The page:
30 Dainty Recipes to Serve for Afternoon Tea (2024)

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30 Dainty Recipes to Serve for Afternoon Tea (1)

ByGrace Mannon

Taste of Home's Editorial Process

Updated: Feb. 09, 2024

    Tea time is a tradition we definitely need to start practicing in America! Count on these delicious afternoon tea recipes for your next get-together.


    Berry Tartlets

    Bring spring flavors together in these delectable miniature tarts. Raspberries and blueberries both work well with the whipped cream and lemon curd mixture—or choose your favorite berries instead. These sweet treats are great for a ladies tea, brunch or spring holiday celebration. —Mary J. Walters, Westerville, Ohio

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    Cucumber Party Sandwiches

    This is one of my favorite appetizers. We have lots of pig roasts here in Kentucky, and these small tea sandwiches are perfect to serve while the pig is roasting. —Rebecca Rose, Mount Washington, Kentucky

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    Mini BLTs

    Celery adds a nice crunch to these easy, delightful appetizers. They’re always popular at parties and get-togethers. —Elizabeth Borgemenke, Mason, Ohio

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    Mexican Chocolate Walnut-Cherry Biscotti

    I love to combine flavors and spices from different cultures. These cookies have ground cinnamon in them, which is a classic flavor in Mexican chocolate. They are very crunchy and are loaded with maraschino cherries and toasted walnuts. —Nancy C. Evans, Phoenix, Arizona

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    Lemon Spiced Tea

    Cinnamon and honey really perk up the flavor of basic lemon tea. Add a splash of lemon extract to take this drink delightfully over the top. —Adeline Russell, Hartford, Wisconsin

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    The working class who couldn’t manage the midday break that afternoon tea entails used to enjoy high tea between 5 and 7 p.m.


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    Sweet Onion Pimiento Cheese Deviled Eggs

    For my mother's 92nd birthday, we had pimiento cheese deviled eggs as part of the spread. They’re timeless and always in good taste. —Linda Foreman, Locust Grove, Oklahoma

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    Hazelnut Macarons

    You don’t have to be an expert in French cooking to whip up these sandwich cookies. The crisp, chewy macarons require attention to detail, but they’re not hard to make—and they’re simply a delight, both for personal snacking and giving as gifts! —Taste of Home Test Kitchen

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    Shrimp Tartlets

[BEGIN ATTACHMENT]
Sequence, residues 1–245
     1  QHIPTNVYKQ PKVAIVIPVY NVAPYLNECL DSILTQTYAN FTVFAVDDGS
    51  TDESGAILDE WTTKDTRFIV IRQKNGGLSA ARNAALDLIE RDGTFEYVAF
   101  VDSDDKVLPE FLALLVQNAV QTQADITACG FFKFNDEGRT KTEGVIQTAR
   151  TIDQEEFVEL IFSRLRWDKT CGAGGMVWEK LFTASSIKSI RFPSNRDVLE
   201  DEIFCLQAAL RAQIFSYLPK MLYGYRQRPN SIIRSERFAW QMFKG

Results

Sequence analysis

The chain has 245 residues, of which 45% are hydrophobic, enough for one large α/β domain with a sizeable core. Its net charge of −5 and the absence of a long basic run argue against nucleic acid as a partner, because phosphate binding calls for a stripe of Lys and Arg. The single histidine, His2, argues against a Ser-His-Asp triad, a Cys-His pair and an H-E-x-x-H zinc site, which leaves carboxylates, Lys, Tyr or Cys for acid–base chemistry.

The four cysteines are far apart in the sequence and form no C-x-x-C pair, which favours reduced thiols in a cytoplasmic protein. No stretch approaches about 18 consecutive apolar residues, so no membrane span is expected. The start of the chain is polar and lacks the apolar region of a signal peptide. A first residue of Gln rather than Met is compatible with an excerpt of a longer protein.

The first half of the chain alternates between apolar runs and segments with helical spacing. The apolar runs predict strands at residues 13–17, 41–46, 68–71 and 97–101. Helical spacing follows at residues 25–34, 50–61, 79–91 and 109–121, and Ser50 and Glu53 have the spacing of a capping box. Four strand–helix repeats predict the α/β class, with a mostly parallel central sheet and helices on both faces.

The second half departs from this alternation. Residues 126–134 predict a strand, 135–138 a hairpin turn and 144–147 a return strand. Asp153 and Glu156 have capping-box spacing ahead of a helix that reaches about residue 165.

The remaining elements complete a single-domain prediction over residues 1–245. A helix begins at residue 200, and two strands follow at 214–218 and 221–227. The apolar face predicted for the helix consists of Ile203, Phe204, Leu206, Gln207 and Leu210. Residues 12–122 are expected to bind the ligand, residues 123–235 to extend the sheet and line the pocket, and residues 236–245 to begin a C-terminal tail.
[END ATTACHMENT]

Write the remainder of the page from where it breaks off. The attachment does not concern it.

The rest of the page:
Fill mini tart shells with a cream cheese mixture, then top with seafood sauce and shrimp for a picture-perfect look and delightful taste. This recipe makes a fantastic appetizer, and several make a fast, light meal. —Gina Hutchison, Smithville, Missouri

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    Because cheese and sage go so well with apples, I decided to put them all in scones. These mini treats make a fall weekend brunch, tailgate or party even more fun. —Sue Gronholz, Beaver Dam, Wisconsin

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    Garden-Fresh Bruschetta

    This easy-to-fix bruschetta can be served as an appetizer or as a colorful side dish. —Rachel Garcia, Fort Knox, Kentucky

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    Apple Cider Doughnut Holes

    Their light, tender texture and apple cider flavor make these small bites a big hit! My mom made them every year as soon as the weather turned cool. I carry on the tradition, and the aroma always brings back cherished memories. —Rebecca Baird, Salt Lake City, Utah

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    Garlic-Herb Mini Quiches

    Looking for a wonderful way to impress guests? You’ve got it—and you need only five ingredients to make these tasty apps! —Josephine Piro, Easton, Pennsylvania

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    Rosemary Shortbread Cookies

    With the perfect hint of rosemary and a classic buttery texture, these delicate cookies look and taste elegant. The fact that they’re very easy to prepare can be our little secret.

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    Orange Dream Mini Cupcakes

    The bright taste of these cute cupcakes reminds me and my friends of orange-and-vanilla frozen treats. —Jen Shepherd, St. Peters, Missouri

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    Honey-Citrus Iced Tea